Introduction to Nebula Graph Storage Engine

Introduction to Nebula Graph Storage Engine


This document gives an introduction to the storage design of the graph database Nebula Graph.

The Storage Service of Nebula Graph is composed of two parts. One is Meta Service that stores the meta data, the other is Storage Servicethat stores the data. The two services are in two independent processes. The data and deployment are separated but their architectures are almost the same.


Pict.1 The Architecture of Storage Service

As shown in Picture One, there are three layers in Storage Service. The bottom layer is the local storage engine, providing get, put, scan and delete operations on local data. The related interfaces are in KVStore/KVEngine.h and users can develop their own local store plugins based on their needs. Currently, Nebula Graph provides store engine based on RocksDB.

Above the local storage engine is the consensus layer that implements multi group raft. Each partition corresponding to a Raft group, is for the data sharding. Currently, Nebula Graph uses hash to shard data. When creating a space, users need to specify the partition number. Once set, partition number cannot be changed. Generally, the partition number must meet the need to scale-out in the future.

Above the consensus layer is the storage interface that defines a set of APIs that are related to graph. These API requirements are translated into a set of kv operations targeting at the corresponding partition. It is this layer that makes the storage service a real graph storage, otherwise it's just a kv storage. Nebula Graph doesn't separate kv as an independent service as graph query involves a lot of calculation that uses schema, which is not existed in kv layer. Such architecture makes pushing down more easily.

Schema & Partition

Nebula Graph stores the vertices, edges and properties. Efficient property filtering is critical for a Graph Database.

Nebula Graph uses tags to indicate vertices types. One vertexID can relate with multiple tags, and each tag has its own properties. In kv storage, we use vertexID + TagID to represent key, and the related properties are placed behind value after encoding. The format is shown in Picture Two:

Pict.2 Vertex Key Format

  • Type: one byte, used to indicate key type, current types are data, index, system, etc.
  • Part ID: three bytes, used to indicate the sharding partition. This field can be used to scan the partition data based on the prefix when re-balancing the partition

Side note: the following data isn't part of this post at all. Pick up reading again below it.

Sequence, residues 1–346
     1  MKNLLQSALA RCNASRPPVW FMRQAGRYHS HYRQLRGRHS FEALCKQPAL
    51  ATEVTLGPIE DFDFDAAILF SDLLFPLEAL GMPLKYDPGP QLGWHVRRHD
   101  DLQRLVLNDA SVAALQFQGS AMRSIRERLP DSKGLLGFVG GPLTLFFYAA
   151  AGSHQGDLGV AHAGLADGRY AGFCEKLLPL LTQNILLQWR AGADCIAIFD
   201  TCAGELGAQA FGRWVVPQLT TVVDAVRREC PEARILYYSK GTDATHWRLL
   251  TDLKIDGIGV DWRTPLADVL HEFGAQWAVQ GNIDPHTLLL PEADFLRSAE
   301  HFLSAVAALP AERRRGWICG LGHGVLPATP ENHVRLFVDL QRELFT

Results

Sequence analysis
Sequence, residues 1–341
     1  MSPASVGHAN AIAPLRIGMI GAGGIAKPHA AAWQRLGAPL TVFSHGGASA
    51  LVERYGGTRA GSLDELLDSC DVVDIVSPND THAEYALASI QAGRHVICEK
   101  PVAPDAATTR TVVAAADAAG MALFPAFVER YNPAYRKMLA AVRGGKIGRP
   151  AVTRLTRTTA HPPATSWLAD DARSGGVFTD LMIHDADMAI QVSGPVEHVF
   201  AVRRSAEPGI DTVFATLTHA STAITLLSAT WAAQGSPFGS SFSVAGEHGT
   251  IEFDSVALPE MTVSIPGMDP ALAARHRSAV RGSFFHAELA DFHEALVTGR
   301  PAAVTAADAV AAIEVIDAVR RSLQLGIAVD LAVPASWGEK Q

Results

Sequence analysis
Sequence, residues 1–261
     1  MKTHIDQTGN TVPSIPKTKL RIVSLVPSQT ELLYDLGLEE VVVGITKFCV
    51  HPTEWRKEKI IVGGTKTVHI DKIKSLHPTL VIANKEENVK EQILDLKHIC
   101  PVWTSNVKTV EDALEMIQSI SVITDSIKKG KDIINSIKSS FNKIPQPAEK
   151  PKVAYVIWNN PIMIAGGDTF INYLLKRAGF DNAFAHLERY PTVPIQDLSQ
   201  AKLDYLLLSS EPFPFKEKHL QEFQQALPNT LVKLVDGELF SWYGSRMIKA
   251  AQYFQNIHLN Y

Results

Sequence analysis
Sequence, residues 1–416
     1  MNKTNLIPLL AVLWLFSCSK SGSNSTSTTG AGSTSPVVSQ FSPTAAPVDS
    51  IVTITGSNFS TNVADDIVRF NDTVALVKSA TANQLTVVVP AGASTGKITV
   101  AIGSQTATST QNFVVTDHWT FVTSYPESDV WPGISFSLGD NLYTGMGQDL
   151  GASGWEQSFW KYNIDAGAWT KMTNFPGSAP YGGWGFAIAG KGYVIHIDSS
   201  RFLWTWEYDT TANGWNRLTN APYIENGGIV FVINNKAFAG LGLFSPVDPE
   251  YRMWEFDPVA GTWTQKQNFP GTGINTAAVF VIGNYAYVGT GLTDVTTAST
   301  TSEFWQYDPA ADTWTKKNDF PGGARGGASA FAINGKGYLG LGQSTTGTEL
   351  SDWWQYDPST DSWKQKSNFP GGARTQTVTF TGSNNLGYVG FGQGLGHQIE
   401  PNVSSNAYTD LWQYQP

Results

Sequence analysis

• Vertex ID: eight bytes, used to indicate vertex ID
  • Tag ID: four bytes, used to relate tag
  • Timestamp: eight bytes, not available to users, used in MVCC in the future

Each edge in Nebula Graph is modeled as two independent key-values. One is stored in the same partition as the source vertex, namely out-edge. The other one is stored in the same partition as the destination vertex, namely in-edge. Generally, out-key and in-key are stored in different partitions.

There may be multiple edge types or multiple edges with the same edge type between two vertices. For example, define an edge type ‘transfer’, user A may transfer money to user B multiple times, thus a field rank is added to distinguish the transfer records between the two. Edge key format is shown in Picture Three:

Pict.3 Edge Key Format

  • Type: one byte, used to indicate key type, current types are data, index, system, etc.
  • Part ID: three bytes, used to indicate the sharding partition. This field can be used to scan the partition data based on the prefix when re-balancing the partition
  • Vertex ID: eight bytes, used to indicate source vertex ID in out-edge, dest vertex ID in in-edge
  • Edge Type: four bytes, used to indicate edge type, greater than zero means out-edge, less than zero means in-edge
  • Rank: four bytes, used to indicate multiple edges in one edge type. Users can set the field based on needs and store weight such as transaction time, transaction number and weight of a certain order
  • Vertex ID : eight bytes, used to indicate dest vertex ID in out-edge, source vertex ID in in-edge
  • Timestamp: eight bytes, not available to users, used in MVCC in the future

If the value of an edge type is greater than zero, the corresponding edge key format is shown in Picture Four; otherwise if the value is less than zero, the corresponding edge key format is shown in Picture Five.

Pict.4 Out-key format

Pict.5 In-key format

The properties of vertices and edges are stored in the values of the corresponding kv pairs after being encoded. As a strong typed database, Nebula Graph needs to get the schema information in the Meta Service before decoding. Besides, when properties are encoded, schema version is added to support online schema change.

Nebula Graph shards data through modulo operation on vertex ID. All the out-keys, in-keys and tag data are placed in the same partition through modulo operation on vertex ID. In this way, query efficiency is increased dramatically. For on-line queries, the most common operation is to do Breadth-First-Search (BFS) expansion from a vertex, thus it's the basic operation to get a vertex's in-edge or out-edge, and such operation's performance determines the traverse's performance. In BFS, there are cases filtering some properties, Nebula Graph guarantees the operation efficiency by putting properties and vertices and edges together. At present, most graph databases verify their efficiency with Graph 500 or Twitter data set, which are of no eloquence because properties are not included. While most cases use property graphs and BFS needs a lot of filtering as well.


Nebula Graph develops its own kv store to meet the performance needs:

  • High performance pure kv
  • Provided as a library, as a strong typed database, the performance of pushing down is the key of the performance of Nebula Graph
  • Strong data consistency, determined by the distribution system
  • Written in C++

For users who are not sensitive to performance or unwilling to migrate data, Nebula Graph provides plugins for the whole kv store, builds the storage service on the third party kv store. Currently, Nebula Graph provides HBase plugin.